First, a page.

By Glen Wunderlich
When I read a recent Michigan DNR release about 10 tips for hunters’ safety, it all seemed so redundant.
It’s all out there and has been for so long, that it seems to get overlooked in the myriad preparations for deer hunting. One instant of carelessness can be downright dangerous, however, and a recent personal example has brought safety to the forefront of my mind.
A heavy-antlered, adult buck had recently emerged from a mere trail camera star to a wild-eyed, sex starved brute just days before.
In a moment, my uneventful afternoon stand had been turned into a three-buck circus right before my eyes, with the bull of the woods hot on the heels of a sprinting doe. Two lesser bucks stood motionless for minutes within range – one nosing my decoy at 25 yards, while the big bruiser had his way with his mate of the day well beyond my capabilities.
When I finished shivering and shaking, and waited for the area to clear in darkness, I slipped back to camp to invite a friend to get in on the action for an upcoming hunt.
The hunting companion, who shall remain nameless to protect his self-esteem, arrived November 2nd 2014 to partake in an archery hunt during the rut. The wind was right for both of us to take positions into the wind in hopes of getting a chance at the full-figured buck.
With plenty of light, my friend radioed that he spotted a six-point yearling. The news was encouraging. Before long, he called again to notify me that a doe with two fawns were within view. Good news again, but we had plans for antler soup.
In front of me were four whitetails – two fawns with their mothers. Two of them actually nudged my Montana Decoy. One antlerless creature remained after dark, not allowing me to depart without alarming her. But, that all ended when she became so curious that she just about poked her nose into my chair blind. One loud snort from me and she bolted into the darkness.
Back at camp we two hunters compared notes and my friend went outdoors to discharge his crossbow like he had done so many times before. This time, the results were terrifying!
He calmly returned with his left thumb hanging by skin at the top knuckle. He obviously ignored the warning printed on the crossbow to keep your thumb out of the way of the string. I grabbed a roll of gauze kept nearby but it was fruitless and tossed it aside. He found a clean towel, pressed it over the wound, and we hastily left for Memorial Hospital in Owosso.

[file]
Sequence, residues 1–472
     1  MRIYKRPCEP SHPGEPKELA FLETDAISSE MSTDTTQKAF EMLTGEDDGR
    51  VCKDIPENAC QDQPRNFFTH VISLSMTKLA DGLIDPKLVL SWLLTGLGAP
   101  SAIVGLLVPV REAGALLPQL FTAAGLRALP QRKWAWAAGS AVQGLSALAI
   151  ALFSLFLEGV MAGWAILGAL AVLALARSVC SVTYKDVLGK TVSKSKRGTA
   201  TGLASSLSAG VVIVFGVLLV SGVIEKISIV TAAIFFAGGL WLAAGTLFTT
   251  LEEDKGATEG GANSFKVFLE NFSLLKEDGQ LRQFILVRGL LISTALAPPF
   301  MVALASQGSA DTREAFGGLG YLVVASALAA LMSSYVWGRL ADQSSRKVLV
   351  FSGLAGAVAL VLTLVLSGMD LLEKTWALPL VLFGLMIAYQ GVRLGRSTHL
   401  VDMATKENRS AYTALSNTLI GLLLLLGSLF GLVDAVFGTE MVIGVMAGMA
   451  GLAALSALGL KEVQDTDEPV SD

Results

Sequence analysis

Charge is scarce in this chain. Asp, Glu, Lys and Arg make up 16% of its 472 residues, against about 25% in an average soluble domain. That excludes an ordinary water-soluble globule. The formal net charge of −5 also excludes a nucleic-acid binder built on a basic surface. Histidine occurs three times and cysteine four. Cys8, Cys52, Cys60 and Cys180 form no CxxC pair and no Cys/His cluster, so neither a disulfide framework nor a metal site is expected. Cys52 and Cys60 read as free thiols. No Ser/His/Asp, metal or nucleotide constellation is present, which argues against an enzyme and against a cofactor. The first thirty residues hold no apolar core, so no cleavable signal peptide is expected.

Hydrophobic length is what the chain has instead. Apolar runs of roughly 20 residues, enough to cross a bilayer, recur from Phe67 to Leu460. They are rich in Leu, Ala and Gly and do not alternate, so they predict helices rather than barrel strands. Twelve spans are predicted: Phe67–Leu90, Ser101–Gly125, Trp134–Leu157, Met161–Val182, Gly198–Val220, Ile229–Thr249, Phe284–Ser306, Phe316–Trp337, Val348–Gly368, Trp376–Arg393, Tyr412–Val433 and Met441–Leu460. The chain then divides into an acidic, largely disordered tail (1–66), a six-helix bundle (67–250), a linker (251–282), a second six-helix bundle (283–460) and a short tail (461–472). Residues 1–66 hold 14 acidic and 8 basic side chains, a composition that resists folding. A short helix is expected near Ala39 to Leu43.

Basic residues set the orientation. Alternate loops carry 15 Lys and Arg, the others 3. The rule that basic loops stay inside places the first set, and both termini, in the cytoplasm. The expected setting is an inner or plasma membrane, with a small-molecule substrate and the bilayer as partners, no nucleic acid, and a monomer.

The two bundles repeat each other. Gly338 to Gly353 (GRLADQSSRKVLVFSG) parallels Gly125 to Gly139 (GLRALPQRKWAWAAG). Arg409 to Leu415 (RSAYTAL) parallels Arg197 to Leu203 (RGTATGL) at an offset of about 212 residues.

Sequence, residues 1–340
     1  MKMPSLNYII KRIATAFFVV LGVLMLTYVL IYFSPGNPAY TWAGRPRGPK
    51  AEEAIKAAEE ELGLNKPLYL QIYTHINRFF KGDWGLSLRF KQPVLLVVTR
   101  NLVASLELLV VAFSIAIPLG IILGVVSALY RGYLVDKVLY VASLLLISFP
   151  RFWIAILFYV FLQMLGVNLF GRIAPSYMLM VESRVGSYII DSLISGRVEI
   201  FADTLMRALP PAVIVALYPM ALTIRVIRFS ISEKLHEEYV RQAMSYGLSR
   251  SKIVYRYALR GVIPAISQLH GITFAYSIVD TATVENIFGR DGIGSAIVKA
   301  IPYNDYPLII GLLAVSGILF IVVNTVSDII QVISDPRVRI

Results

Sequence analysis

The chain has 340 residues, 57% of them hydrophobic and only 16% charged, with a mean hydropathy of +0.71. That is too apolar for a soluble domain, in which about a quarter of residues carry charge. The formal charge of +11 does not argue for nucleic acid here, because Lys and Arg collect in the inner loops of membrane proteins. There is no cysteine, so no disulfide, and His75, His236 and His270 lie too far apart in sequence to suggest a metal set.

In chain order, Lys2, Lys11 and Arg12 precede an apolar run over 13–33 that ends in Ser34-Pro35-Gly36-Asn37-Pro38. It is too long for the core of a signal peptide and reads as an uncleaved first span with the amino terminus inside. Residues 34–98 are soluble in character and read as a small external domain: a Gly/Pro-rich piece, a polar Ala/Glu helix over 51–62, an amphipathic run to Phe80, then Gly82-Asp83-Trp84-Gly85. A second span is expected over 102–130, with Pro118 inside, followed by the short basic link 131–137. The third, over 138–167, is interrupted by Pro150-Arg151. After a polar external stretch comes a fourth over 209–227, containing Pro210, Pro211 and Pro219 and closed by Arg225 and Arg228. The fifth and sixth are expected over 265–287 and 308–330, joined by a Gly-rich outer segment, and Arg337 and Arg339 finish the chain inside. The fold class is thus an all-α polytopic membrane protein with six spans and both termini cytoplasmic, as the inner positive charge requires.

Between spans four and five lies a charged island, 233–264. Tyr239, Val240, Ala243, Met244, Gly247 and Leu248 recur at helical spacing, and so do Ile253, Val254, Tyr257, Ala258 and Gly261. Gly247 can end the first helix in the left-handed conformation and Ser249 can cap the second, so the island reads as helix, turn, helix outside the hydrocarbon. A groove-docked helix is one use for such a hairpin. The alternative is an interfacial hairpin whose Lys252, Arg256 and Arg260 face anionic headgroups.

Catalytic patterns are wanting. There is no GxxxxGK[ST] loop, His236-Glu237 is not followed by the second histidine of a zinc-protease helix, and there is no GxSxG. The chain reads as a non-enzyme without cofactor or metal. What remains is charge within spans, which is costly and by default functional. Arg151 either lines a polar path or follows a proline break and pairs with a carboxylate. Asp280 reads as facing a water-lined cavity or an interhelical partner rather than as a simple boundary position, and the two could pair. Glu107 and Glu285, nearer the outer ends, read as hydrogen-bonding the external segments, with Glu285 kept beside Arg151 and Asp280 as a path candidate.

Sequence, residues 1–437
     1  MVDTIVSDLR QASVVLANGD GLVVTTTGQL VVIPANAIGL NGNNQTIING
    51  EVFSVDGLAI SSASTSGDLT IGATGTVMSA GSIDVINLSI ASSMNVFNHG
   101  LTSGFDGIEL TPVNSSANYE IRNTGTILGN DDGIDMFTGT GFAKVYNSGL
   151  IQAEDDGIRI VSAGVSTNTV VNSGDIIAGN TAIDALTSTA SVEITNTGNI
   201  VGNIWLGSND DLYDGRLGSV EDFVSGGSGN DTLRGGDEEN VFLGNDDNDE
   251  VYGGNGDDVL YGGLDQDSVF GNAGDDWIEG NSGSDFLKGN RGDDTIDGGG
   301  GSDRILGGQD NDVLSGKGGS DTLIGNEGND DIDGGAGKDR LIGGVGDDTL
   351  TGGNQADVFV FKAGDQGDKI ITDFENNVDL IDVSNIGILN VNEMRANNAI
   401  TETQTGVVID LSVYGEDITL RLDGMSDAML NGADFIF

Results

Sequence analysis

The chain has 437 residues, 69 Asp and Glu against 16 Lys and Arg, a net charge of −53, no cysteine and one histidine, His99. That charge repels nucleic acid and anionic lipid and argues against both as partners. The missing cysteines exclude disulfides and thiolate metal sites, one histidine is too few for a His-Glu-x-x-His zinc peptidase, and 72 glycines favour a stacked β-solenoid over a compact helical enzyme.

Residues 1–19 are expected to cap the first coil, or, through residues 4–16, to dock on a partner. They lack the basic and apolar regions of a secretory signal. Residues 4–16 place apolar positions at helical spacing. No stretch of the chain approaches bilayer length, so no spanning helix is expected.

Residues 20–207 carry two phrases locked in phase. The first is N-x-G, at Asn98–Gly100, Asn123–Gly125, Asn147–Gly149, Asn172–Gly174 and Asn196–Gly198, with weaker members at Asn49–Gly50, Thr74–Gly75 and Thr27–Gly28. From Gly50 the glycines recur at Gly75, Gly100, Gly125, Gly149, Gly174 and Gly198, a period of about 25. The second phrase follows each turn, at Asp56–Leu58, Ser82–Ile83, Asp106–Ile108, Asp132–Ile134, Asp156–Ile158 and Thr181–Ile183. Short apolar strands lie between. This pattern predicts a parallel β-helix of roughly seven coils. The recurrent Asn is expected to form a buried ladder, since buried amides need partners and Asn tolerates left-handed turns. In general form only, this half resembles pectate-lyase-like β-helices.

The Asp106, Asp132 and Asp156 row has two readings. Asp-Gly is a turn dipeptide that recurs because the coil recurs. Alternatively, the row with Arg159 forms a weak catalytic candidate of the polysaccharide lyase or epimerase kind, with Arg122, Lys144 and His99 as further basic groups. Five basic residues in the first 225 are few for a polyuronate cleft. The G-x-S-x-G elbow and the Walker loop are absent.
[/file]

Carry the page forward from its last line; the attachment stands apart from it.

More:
The professional emergency staff went into action with a tetanus shot and X-rays. An experienced doctor set the broken bone and laced the thumb back into position. A few more shots in the legs, another X-ray, and we were on our way home hours later.
The following day, the hapless hunter kept an appointment with a local surgeon, who opened up the damaged thumb again, and added a metal reinforcing piece and repaired a torn ligament and placed a new cast on the hand.
My appendage-challenged friend came by last week and began talking about how he might be able to hunt on opening day of firearms deer season. He won’t be toting his usual heavy-recoiling shotgun, or any long gun for that matter. The only sensible choice came to a “hand” gun and that’s what it’ll be.
Hunters’ safety is everyone’s responsibility. Go over the rules and post them for all to see, because nobody should ever be “that guy.”
About Glen Wunderlich
Charter Member Professional Outdoor Media Association (POMA). Outdoor writer and columnist for The Argus-Press (www.argus-press.com) and blog site at www.thinkingafield.org Member National Rifle Association (NRA), Michigan United Conservation Clubs (MUCC), member U.S. Sportsmen’s Alliance (USSA), Quality Deer Management Association (QDMA), Commemorative Bucks of Michigan (CBM).